The Brown researchers tracked the changes in the dogs elbows and teeth over time, and according to Borja Figueirido, the lead author of the study, here’s why:
“The elbow is a really good proxy for what carnivores are doing with their forelimbs, which tells their entire locomotion repertoire,” Janis said.
The telltale change in those elbows has to do with the structure of the base where the humerus articulates with the forearm, changing from one where the front paws could swivel (palms can be inward or down) for grabbing and wrestling prey to one with an always downward-facing structure specialized for endurance running. Modern cats still rely on ambush rather than the chase (cheetahs are the exception) and have the forelimbs to match, Janis said, but canines signed up for lengthier pursuits.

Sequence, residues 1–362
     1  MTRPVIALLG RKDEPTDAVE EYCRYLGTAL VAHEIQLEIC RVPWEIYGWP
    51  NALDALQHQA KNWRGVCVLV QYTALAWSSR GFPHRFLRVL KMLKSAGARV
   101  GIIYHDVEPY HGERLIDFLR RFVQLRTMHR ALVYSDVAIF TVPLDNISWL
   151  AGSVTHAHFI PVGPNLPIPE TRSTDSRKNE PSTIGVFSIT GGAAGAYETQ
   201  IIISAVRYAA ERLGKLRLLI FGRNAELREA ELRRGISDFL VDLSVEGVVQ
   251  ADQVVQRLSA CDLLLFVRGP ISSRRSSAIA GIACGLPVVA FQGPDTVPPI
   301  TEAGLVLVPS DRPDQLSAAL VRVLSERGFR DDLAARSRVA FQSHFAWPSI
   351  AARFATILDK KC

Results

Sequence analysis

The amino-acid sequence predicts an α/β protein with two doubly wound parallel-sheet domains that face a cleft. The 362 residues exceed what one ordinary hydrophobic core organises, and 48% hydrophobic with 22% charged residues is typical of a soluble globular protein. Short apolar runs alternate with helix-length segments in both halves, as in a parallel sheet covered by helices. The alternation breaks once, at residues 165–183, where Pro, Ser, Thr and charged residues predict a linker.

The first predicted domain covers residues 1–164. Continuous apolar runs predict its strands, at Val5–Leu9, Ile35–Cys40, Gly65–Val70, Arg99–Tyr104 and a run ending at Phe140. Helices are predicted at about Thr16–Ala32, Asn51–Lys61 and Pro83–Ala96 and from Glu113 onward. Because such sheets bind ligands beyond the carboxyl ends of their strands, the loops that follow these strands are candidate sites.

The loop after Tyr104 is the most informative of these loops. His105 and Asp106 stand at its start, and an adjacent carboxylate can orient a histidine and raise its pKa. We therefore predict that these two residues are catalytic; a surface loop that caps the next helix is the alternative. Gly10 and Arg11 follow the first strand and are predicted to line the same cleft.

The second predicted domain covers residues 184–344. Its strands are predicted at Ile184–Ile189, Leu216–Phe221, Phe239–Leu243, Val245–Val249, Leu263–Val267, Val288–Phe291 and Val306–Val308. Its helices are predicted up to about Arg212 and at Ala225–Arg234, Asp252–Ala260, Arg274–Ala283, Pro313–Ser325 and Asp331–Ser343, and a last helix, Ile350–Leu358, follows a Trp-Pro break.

In addition, the dogs’ teeth trended toward greater durability, Figueirido’s team found, consistent perhaps with the need to chow down on prey that had been rolled around in the grit of the savannah, rather than a damp, leafy forest floor.
Totally fascinating, isn’t it? Check out the article over on the Brown University website for the full story and additional background info.
Source: “Fossil study: Dogs evolved with climate change,” from https://news.brown.edu/articles/2015/08/dogs
Image Credit: Mauricio Anton